And they warn:
“An SPF 30 allows about 3 percent of UVB rays to hit your skin. An SPF of 50 allows about 2 percent of those rays through. That may seem like a small difference until you realize that the SPF 30 is allowing 50 percent more UV radiation onto your skin.”
Do I still need sunscreen if I sit at the beach after 5PM, on a sunny day?
In the mornings and evenings, the sun’s rays are composed mostly of UVA rays. These are the longer wavelength that penetrate deeper into the skin and lead to a more aged appearance of the skin and increase the risk of skin cancer. You absolutely should wear sunscreen whenever you are outside.
Experts say that to get enough Vitamin D from the sun, you need to be out without sunscreen for at least 10 minutes three times per week (or longer for darker-skinned people). But what if you can’t do that without getting burned?
If spending any time in the sun without sunscreen causes your skin to burn, give up that idea for getting your Vitamin D. Instead, the Skin Cancer Foundation advises getting your D from a combo of diet and supplements. You can read more about that here.
For A Pause…
1. Be careful with the clock: The intensity of the sun is highest during the summer months, especially between the hours of 10AM and 4PM.
2. Need sunscreen recos? I recently purchased this La Roche-Posay’s Tinted Mineral Light Fluid Sunscreen and love its light and blendable texture. (Extra points for its glowing tint and an SPF of 50!) For my body, I usually stick with Hawaiian Tropic Sheer Touch Lotion.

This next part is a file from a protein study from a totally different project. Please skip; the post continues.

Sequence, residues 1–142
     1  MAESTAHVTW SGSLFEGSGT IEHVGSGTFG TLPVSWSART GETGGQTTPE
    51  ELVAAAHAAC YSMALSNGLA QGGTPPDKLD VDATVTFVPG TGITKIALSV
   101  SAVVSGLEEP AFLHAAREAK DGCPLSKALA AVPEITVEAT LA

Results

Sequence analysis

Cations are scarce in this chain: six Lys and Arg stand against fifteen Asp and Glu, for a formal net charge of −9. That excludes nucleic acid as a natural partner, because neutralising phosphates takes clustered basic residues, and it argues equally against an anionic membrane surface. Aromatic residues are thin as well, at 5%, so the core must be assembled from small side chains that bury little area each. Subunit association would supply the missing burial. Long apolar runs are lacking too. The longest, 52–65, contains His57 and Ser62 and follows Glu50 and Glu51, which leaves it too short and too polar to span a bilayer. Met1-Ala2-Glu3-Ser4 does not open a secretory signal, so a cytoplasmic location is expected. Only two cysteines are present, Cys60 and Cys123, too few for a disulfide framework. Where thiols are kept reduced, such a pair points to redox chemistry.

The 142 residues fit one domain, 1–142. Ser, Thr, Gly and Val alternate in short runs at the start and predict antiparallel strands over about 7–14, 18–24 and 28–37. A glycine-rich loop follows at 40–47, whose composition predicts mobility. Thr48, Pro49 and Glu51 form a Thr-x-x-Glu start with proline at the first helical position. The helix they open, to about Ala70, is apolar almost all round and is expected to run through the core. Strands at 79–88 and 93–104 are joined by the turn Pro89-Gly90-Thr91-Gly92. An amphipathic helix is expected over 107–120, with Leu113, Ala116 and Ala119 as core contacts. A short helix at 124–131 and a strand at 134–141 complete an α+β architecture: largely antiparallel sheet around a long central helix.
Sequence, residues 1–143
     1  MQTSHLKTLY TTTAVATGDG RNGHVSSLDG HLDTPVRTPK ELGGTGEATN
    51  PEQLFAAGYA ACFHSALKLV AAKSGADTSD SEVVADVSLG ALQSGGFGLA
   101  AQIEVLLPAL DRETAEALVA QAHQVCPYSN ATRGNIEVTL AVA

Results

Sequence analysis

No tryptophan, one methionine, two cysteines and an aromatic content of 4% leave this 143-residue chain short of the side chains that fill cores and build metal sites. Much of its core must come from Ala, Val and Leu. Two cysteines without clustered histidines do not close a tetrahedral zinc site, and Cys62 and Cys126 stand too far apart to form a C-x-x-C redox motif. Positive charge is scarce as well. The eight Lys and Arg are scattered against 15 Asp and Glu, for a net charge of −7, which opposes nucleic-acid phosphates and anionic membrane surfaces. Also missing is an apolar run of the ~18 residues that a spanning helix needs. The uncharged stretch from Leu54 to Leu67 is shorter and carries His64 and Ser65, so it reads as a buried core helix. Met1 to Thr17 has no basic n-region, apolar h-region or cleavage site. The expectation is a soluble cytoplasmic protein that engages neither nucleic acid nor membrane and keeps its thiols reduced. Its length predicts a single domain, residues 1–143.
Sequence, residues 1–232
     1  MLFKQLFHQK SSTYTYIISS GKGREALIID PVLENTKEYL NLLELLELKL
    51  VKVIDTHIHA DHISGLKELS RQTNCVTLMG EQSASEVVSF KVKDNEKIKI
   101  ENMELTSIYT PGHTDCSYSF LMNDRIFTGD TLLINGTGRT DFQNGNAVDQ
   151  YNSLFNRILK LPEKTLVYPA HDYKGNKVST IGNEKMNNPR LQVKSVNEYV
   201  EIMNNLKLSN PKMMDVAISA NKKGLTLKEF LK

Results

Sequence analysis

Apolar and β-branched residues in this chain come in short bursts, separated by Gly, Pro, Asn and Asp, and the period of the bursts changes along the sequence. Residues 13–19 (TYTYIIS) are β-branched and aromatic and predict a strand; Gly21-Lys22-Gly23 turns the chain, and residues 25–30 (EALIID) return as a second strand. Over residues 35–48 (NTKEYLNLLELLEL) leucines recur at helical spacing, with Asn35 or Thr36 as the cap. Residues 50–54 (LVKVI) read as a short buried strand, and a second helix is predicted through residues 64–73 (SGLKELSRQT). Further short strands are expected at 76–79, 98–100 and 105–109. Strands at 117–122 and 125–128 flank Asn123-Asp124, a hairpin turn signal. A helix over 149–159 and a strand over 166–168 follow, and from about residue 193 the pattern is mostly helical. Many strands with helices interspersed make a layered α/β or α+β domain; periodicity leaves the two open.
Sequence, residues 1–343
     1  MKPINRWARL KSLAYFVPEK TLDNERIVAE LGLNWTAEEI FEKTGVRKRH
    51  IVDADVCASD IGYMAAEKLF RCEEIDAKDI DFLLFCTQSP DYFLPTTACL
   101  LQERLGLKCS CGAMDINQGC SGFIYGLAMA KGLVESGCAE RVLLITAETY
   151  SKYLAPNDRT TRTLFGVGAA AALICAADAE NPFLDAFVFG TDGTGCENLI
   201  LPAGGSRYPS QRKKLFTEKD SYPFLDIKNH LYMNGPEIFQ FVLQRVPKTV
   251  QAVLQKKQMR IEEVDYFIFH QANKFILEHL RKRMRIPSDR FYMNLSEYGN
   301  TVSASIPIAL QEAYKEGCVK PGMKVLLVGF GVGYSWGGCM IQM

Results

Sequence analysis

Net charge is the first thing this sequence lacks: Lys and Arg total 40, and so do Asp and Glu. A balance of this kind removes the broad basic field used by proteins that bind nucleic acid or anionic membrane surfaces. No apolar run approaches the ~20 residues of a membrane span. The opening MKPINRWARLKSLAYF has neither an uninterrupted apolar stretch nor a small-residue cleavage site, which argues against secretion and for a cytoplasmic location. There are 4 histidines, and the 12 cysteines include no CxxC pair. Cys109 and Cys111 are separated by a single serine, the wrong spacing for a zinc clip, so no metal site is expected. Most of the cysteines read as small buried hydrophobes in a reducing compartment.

3. Be a sun-sleuth and discover how intense (and dangerous) the sun is by checking the UV index. These numbers come out daily on a 1 to 11+ scale….1 means a low level of exposure and 11+ means you need to be super-cautious. Here’s where to check or sign up for daily emails.
4. Sun protection should go beyond just sunscreen. Don’t forget to wear a hat to help keep the sun off your face (and keep your hair color from fading, too, in case you’re worried about that). I plan on ordering this one. It looks cute, reviews say it’s large enough to fit a big head (mine), and it’s packable (hoping to travel one day soon!). Plus, you can’t beat the price.
One More Thing…
Remember this classic? Still beautiful after all these years (and guaranteed to produce a hefty earworm (#stucksongsyndrome).
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Until next time, stay well. Stay healthy. Stay safe.
See you next time!